Lastly, a minor note: I've always found it fascinating that the “Special Double-Size Issue!” blurb at the top of the cover is nearly identical to the one that adorned the classic UNCANNY X-MEN #137. It's not precisely the same, but it's a very close match — so it seems someone actually grabbed a copy of the X-MEN issue and more-or-less reproduced that blurb specifically for DAREDEVIL 181 as well, for some peculiar reason. Marvel didn't have any sort of standardized paste-up for this sort of thing at the time; most such issues had their own unique blurbs — so it seems odd to me that anyone went to this much trouble rather than just laying out a newly-lettered one.


  1. For a lot of my time reading comics as a younger man, I had a few comics that I considered favorites that were somewhat predictable. The first comic I considered my favorite, one I read cover to cover constantly, absorbing every detail, until I could quote it without the comic near me, was, of course, X-Men 137.

    The next one?

    "You're pretty good, toots. But me? I'm magic."

    Everything Miller had done to date on Daredevil, every single issue, most every subplot, was building to this. It was an exquisitely done piece of comics plotting, details being laid seamlessly together across four characters-Daredevil, Elektra, Bullseye and the Kingpin-to produce a story where no detail was wasted, not a single panel, not a single line.

    At the time, Elektra's death (and yeah, even then I knew that wasn't a permanent state) was shocking and startling, but if you read the whole arc leading to it, it was inevitable. Matt has always been an emotional weakness to Elektra, even as she grew more towards outright villainy by trying to kill Ben Urich, and it is her weakness towards Matt that sets her up to be vulnerable just as Bullseye attacks.It might seem like a waste of a character, but Miller set up her demise here so perfectly that it hardly matters (and makes her eventual return that much more satisfying, though it's arguable she never achieved these heights again, even by Miller.)

    Bullseye's story is all pay offs too, brilliantly done; his escape from custody is a masterpiece of planning and execution, the joking character he was long forgotten. He handles Elektra almost with ease, and I did like the part where he figures out who Daredevil is, and wish more had come out of it.

    And then, of course, the pay off for yet another long simmering story, where Bullseye's desire for revenge collides with Daredevil finally deciding to act on stopping Bullseye once and for all, in a flat out amazing fight scene. You mentioned how Miller had learned over the run to let the visuals tell the story, and here he does it perfectly. He lets the narration fade away until the climax, where the stories of Daredevil and Bullseye reach their apothesis, and Daredevil says his sole line (as DD) in the story.

    The ending, where Bullseye is trapped in an even worse prison than he started in, still wanting revenge, while we see a haunted Matt Murdock, is perfect. Everything about this comic is perfect. It's still an all time favorite, even if it was knocked out of being my favorite a few years later.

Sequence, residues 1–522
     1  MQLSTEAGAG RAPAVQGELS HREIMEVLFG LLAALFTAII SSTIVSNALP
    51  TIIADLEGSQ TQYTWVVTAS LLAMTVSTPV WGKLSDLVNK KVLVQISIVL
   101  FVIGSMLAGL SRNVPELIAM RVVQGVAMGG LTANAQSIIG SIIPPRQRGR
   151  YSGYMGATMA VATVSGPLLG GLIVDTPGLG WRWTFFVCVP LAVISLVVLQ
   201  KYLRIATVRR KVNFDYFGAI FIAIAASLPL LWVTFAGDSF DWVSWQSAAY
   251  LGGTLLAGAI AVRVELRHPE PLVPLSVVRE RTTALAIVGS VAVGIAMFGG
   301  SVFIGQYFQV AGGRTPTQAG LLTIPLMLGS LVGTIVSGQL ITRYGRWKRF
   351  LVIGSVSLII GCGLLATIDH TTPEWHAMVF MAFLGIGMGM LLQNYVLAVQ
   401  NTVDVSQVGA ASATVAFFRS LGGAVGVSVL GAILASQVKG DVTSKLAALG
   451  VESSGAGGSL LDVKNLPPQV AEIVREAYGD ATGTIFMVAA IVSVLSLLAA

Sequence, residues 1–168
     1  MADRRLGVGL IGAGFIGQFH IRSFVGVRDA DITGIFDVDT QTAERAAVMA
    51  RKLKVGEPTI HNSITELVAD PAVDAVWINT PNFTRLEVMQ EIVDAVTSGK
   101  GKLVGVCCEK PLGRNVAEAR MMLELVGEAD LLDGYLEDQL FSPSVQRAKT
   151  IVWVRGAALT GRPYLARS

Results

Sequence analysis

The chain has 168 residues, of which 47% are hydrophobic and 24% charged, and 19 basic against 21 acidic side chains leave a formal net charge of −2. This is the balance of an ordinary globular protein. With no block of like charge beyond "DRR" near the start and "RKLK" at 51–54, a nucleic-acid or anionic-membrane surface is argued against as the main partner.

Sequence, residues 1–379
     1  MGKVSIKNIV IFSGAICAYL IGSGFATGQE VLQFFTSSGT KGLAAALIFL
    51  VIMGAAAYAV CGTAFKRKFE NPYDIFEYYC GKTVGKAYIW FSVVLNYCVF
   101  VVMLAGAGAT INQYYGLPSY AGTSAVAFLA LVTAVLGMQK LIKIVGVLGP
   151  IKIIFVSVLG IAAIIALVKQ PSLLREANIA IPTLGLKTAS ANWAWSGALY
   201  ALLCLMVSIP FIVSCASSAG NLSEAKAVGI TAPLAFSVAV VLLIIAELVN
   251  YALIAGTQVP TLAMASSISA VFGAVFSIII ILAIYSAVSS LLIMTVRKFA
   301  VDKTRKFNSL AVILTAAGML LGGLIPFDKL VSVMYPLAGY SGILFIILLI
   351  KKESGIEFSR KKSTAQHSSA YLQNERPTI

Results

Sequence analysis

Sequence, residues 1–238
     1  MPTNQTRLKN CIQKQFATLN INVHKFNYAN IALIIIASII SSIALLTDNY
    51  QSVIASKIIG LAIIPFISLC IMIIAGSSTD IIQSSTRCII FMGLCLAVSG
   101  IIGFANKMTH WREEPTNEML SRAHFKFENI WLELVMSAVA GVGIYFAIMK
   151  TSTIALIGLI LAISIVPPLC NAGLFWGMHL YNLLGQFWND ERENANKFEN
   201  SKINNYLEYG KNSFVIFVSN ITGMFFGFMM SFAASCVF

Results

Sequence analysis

Masterpiece doesn't do it just. It's the best thing Frank Miller did, regardless of the stature of his work to come. It's amazing.

    1. Thank you for sharing your experience with this issue! For me personally, having read neither when they first hit the stands, I place UNCANNY 137 above this one -- but that's probably just because I'm more an X-Men fan than a Daredevil fan. That said, I'm certainly with you on this issue being a certifiable masterpiece. For me, it's probably the best single Miller DD issue, and the way in which it pays off so much of what came before is outstanding. I stand by my assessment that it seems a waste to kill of Elektra so soon, but if one looks at Miller's run in a vacuum -- as sort of a single "novel" -- then it comes at just about the right time.

  2. It's impossible to not notice the parallel to Miller's later THE DARK KNIGHT RETURNS and how Bullseye, like Joker later on, escapes from their incarceration by the means of a television interview.

    1. Good catch! I admit I've never been a huge fan of DKR and I've really only read it one time, so I had forgotten about that parallel.


  3. I really like the Bullseye narration here — especially when it contrasts with the setup in Matt’s brownstone revealed to us through the artwork.

    His murder of Elektra, not so much. The plot turn itself I have no quibble with, in concept, but Elektra’s been set up as every bit as capable as Bullseye — even more so, it feels to me, particularly in having taken down Kirigi, who's literally “magic” (as Elektra herself will be soon enough, or I suppose not really soon enough...). I agree with you and Jack above on how masterfully, for mainstream serialized comics of the period, this was all maneuvered by Miller; just never quite bought that Bullseye survived hand-to-hand combat with her, no matter how much less of an iconic moment it would’ve been had he shot her from a distance as she collected herself after letting Foggy go than it was when he impaled her on her own sai.